Ginny BartgesMajor: Social Studies Education

Hometown: Emmaus, PA

Further Degrees: Master of Science in Education from the University of Pennsylvania's Graduate School of Education

Current Summer Job: Middle and high school teacher at the Delaware Valley Friends School in Paloi, Pa,

Most Enhancing Experiences: The two most life-changing experiences I had with the Honors College came from its holistic approach to teaching students. I had the opportunity to complete an undergraduate honors thesis from my own research and travel, and I had the opportunity to study aboard in Turkey and Cyprus. With faculty guidance, I created a three-year plan to research, write, and present my undergraduate honors thesis. I was supported by my thesis advisor, who skillfully coached me through the process of developing my work. In the beginning of freshmen year, I knew that I wanted to write my thesis on Monastic communities in the medieval church. My advisor encouraged me to apply for a grant from the Honors College to attend the School of Medieval Studies at the University of Cambridge. It was during the summer of 2007 at Cambridge that I was introduced to the women mystics in the medieval church. The knowledge I gained about women like Margery Kempe and Saint Catherine of Siena changed my area of focus as well as my perspective on women's contributions to the development of European society. I returned to Europe with the Honors College the following spring to continue gathering research at Italian female saint shrines. By my senior year, I grew with my paper under the direction of the History Department. I created a work of which I am very proud, entitled, "God Made Man in his own Image, Leaving Woman to Find Her Own Spiritual Identity: An Exploration of Medieval Female Pilgrims and Their Relationships with Their Body and Their God." The support, advice, and experience I gained during the completion of my undergraduate honors thesis prepared me to successfully complete my master's thesis for the University of Pennsylvania.

My most momentous professional travel experience has been my excursion to Turkey and Cyprus. In the summer of 2009, I traveled to Turkey and Cyprus with Dr. Goebel, Dr. Moore, and a group of about thirty students. This experience instilled in me a love for Turkish history and the Turkish people. This love has motivated me to create many lessons about the importance of the country as well as the importance of learning about world history. I was able to construct a project-based unit on the Middle East for the ninth-grade students at Northeast High School. I was able to bring elements from Turkey and Cyprus, such as language, food, artifacts, and pictures, to my students in Philadelphia. I incorporated Turkish phrases into my classroom. When my students come in to my class or see me in the halls of the school, they greet me by saying "Merhaba Miss Bartges!" I think that even a modest level of the knowledge and use of a new language makes the culture of my class unique and makes my students feel special about extending their knowledge beyond what their peers learn in World History class.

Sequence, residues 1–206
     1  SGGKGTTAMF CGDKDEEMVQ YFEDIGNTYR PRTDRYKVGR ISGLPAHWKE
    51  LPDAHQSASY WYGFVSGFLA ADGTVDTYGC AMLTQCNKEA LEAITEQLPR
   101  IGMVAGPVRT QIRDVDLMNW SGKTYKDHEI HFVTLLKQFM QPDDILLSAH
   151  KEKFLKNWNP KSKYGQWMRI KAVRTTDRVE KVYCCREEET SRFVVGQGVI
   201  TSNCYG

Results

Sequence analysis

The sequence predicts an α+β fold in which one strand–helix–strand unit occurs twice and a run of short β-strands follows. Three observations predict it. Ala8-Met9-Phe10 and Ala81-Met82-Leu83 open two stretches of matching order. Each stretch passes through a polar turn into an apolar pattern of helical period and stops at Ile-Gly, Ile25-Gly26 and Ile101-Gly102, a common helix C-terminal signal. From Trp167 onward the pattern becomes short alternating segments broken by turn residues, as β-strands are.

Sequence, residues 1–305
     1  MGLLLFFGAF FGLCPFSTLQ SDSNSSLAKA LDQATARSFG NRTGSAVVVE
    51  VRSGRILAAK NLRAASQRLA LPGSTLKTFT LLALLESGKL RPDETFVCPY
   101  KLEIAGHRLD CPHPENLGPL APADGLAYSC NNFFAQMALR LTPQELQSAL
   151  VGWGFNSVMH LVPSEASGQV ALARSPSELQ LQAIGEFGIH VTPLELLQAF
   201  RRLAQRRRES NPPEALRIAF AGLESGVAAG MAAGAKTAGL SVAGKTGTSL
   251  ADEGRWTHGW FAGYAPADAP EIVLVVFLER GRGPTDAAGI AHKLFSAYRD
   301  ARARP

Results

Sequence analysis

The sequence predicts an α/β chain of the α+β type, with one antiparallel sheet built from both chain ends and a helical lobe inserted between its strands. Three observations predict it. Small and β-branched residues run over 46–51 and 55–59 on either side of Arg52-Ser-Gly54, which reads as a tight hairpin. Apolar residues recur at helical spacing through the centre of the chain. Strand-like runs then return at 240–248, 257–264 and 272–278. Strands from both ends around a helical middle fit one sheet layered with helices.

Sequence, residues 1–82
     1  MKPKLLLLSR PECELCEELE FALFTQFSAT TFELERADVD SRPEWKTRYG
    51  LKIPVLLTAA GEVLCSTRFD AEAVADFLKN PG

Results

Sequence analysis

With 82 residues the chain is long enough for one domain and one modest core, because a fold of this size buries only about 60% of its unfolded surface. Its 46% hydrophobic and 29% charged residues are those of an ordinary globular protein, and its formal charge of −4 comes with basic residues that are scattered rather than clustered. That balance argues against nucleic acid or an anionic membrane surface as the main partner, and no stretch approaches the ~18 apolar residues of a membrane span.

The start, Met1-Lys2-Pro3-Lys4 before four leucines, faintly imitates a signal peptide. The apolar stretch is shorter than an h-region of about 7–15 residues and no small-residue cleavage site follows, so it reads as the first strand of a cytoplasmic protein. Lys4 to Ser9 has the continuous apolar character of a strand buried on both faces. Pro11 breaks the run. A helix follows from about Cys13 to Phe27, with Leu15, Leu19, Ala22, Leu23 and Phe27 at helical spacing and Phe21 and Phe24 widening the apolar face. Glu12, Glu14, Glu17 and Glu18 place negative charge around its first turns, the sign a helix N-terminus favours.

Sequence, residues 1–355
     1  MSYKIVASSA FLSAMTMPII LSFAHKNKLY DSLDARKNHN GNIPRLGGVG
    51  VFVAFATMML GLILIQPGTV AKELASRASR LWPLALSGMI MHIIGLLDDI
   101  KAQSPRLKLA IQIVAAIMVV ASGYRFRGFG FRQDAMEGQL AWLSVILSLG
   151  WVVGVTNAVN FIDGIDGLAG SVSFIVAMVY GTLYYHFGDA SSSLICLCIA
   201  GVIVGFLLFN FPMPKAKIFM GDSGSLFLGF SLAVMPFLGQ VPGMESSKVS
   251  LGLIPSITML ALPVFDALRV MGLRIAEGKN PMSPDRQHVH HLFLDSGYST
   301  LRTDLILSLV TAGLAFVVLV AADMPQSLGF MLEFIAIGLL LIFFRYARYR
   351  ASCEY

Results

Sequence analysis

Aside from the education that I gained as a student, Honors College has also made a profound impact on the philosophies I hold as a teacher and the methods that I use in the classroom. I emulate facets of the Honors College as a way to build a sense of community and scholarship with my high school students. I treat them like professionals by giving them the responsibilities of social scientists. I require that they explore history and current events through the lenses of different scholars, such as historians, political scientists, anthropologists, socialists, and economists. I ask them to conduct and present their own research in a model similar to the "presentations" the HC uses at the end of each unit.

About my major: I felt extremely privileged to be a part of the History Department at IUP because it is comprised of brilliant professional historians who serve the student body as engaged and talented teachers. These professors taught me how to research, read, write, and think like a historian. They opened my mind to the patterns and themes that lie within human development and civilization. My professors were experts who used their own field work and research to enhance their teaching and make their classes captivating, personal, and unique. The History Department is devoted to its students. The professors are always available during their office hours and are enthusiastic about helping their students develop ideas for thesis papers, discussing important themes in history, and providing feedback on student work. Throughout the four years I spent in Keith Hall, I felt completely supported by a network of historians and educators who were all rooting for me to succeed!

HC Impact: The Honors College changes people because its faculty believes in and invests in its students. As an incoming freshman, I was very sensitive to my environment and the attitudes expressed by those around me. The Honors College's focus on scholarship and self improvement benefited me profoundly in my first year because it helped me grow into the individual that I needed to be to accomplish my life goals. One of the most life-enhancing skills I gained from the Honors College was the ability to view myself as a true academic. My professors gave me the perspective I needed to help me see the endless potential that could come from my own studies and research. As a student at the RECHC, I did not feel like I was just a college student making it through one semester at a time. Instead, I assumed the role of a historian and educational philosopher.